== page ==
In addition to Bachelet, OAS Secretary General Jose Miguel Insulza, also from the Chilean Socialist Party, has favored Chavez’s agenda so openly, that many locals have become suspicious of the driving force behind his actions. In general, Chileans have become tired of seeing their leaders stop short of supporting the revolutionary plans of Chavez and the Castro brothers.

One major reason Piñera is holding a steady lead is that many know that the National Renewal candidate has more affinity with respected conservative leaders such as Alvaro Uribe from Colombia, Jose Maria Aznar from Spain and Mauricio Macri from Argentina than with the revolutionaries and Chavistas of Bolivia, Ecuador, Nicaragua and Argentina. Chileans, especially the young, see in Piñera a new fresh face in politics, capable of injecting politics with new ideas and a new sense of excitement.

Indeed, if Piñera is elected in December, it will mark a comeback of the right in Chile, at the same time as many other Latin American countries are shifting toward the left.

In regional terms, if Piñera wins, Chavez will lose an important political ally in the region and it could also be the beginning of a swing to the right for the region; with Honduras on a new path after the ouster of Manuel Zelaya, the possible re-election of Uribe in Colombia and Alan Garcia in Peru and with elections in Uruguay and Brazil set to occur within the next 17 months, where center – right candidates are expected to win.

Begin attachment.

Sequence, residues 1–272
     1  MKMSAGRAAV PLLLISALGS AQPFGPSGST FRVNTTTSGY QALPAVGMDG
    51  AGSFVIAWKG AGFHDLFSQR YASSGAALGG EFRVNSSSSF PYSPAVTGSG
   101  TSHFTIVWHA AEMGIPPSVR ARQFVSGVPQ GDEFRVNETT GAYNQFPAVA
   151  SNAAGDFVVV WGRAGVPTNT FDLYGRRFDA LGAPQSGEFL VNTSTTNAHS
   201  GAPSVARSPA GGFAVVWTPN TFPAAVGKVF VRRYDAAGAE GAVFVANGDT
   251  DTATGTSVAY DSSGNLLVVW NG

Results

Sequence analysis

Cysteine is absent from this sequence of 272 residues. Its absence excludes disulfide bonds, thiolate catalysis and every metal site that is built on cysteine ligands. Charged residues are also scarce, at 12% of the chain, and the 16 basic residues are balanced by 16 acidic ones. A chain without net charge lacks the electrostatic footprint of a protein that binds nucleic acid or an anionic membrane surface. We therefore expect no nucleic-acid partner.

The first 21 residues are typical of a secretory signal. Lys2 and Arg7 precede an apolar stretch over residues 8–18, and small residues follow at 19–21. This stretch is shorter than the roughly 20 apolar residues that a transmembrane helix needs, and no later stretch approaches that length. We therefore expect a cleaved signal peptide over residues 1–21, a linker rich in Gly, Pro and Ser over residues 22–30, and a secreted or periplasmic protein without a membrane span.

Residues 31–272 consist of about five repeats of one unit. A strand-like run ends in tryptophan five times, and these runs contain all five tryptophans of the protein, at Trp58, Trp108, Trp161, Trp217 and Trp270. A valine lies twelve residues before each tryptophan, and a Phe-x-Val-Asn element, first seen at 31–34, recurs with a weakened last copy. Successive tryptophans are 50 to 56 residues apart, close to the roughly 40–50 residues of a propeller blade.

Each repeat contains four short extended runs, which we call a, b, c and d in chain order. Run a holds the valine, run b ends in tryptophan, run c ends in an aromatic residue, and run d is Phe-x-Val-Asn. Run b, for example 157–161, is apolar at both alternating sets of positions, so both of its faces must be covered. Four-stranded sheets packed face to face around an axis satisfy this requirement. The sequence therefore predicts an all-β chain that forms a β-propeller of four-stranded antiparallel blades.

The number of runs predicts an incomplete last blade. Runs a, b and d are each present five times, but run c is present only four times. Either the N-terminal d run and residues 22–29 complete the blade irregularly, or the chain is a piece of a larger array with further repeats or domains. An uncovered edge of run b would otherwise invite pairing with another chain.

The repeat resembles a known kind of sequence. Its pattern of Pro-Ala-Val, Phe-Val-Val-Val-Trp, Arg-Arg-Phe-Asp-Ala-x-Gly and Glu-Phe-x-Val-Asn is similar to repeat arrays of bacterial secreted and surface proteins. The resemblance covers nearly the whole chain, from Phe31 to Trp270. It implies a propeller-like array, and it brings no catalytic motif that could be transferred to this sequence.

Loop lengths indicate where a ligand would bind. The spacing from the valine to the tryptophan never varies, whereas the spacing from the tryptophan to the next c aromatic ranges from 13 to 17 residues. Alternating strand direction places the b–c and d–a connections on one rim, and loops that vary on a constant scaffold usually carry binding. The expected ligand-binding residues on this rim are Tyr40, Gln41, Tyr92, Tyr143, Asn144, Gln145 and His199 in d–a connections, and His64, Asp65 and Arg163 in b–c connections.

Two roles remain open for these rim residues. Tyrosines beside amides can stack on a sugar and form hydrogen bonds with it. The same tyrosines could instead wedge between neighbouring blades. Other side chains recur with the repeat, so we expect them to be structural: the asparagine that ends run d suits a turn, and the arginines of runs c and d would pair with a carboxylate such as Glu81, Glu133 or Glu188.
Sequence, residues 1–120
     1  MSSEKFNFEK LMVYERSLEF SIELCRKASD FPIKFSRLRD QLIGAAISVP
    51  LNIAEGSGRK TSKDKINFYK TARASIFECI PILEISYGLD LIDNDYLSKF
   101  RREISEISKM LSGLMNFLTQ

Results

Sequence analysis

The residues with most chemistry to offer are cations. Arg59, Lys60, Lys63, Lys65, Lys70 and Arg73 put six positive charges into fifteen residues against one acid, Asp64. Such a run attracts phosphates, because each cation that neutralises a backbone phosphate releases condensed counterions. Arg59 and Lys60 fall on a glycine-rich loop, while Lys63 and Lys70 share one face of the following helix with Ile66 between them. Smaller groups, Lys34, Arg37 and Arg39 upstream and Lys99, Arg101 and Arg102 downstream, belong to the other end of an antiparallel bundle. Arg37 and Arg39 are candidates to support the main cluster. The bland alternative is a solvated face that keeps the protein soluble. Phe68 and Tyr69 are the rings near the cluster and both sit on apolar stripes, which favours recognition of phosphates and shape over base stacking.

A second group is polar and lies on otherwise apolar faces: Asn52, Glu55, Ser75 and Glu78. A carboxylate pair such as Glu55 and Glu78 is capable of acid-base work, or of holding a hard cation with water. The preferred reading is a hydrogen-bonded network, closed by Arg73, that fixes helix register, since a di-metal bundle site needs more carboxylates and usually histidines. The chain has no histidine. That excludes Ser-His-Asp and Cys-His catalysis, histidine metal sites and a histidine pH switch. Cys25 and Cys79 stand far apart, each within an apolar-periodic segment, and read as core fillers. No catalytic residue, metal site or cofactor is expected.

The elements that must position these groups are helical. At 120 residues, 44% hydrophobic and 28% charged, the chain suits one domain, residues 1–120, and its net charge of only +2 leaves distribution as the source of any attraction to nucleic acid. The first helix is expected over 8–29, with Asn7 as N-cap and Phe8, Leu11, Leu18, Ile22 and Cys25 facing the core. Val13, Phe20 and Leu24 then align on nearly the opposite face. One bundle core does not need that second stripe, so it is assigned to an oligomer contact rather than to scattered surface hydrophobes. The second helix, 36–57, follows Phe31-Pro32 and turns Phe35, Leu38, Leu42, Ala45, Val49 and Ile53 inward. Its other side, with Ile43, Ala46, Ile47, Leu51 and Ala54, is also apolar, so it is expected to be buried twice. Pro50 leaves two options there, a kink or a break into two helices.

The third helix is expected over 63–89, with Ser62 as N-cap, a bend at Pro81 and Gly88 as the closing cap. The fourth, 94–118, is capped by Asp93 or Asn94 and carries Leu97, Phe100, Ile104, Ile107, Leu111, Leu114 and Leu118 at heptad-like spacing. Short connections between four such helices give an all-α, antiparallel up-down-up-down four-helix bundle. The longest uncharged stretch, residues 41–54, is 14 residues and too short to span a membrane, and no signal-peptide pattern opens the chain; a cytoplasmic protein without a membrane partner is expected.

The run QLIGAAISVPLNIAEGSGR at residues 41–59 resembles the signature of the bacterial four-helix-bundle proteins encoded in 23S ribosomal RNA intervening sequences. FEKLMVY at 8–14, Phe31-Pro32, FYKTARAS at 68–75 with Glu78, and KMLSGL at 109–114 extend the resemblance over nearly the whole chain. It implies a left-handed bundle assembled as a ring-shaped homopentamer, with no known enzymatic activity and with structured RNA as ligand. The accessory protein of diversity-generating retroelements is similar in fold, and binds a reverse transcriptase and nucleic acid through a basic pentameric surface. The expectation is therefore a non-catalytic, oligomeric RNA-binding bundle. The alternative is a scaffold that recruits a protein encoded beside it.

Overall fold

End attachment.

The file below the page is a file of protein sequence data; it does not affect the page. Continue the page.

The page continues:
Even though Chile has advanced immensely in terms of democracy, economy and the rule of law, it is vital for a full functioning democracy that alternation of power takes place. It could be that after twenty years the time is now ripe for Chileans to break with the taboo of voting for a center – right candidate. This could invigorate the political spectrum, promoting the discussion of new ideas and objectives for the nation’s future.


Nicole M. Ferrand is a research analyst and editor of “The Americas Report” of the Menges Hemispheric Security Project. She is a graduate of Columbia University in Economics and Political Science with a background in Law from Peruvian University, UNIFE and in Corporate Finance from Georgetown University.


[1] Chile’s Democratic Restoration. Latin America EconoMonitor. Manuel Alvarez Rivera. October 6, 2008.

[2] Sebastian Piñera: Politician in Poll. Elections Meter. December 2008.

[3] Is Chile Heading to the Right? GlobalPost. May 15, 2009. Pascale Bonnefoy.

[4] Chile’s Democratic Restoration. Latin America EconoMonitor. Manuel Alvarez Rivera. October 6, 2008.

[5] Ibid.

[6] Ibid.

[7] Chile: Economic Overview. EDC. June 2009. Jorge Rave.

[8] Ibid.

[9] Ibid.

[10] Chile’s Presidential Elections. The Strange Chill in Chile. The Economist. September 17, 2009.

[11] Ibid.

[12] Latin America isn’t tilting left, it’s tilting right. Newsweek. Mac Margolis. August 2009.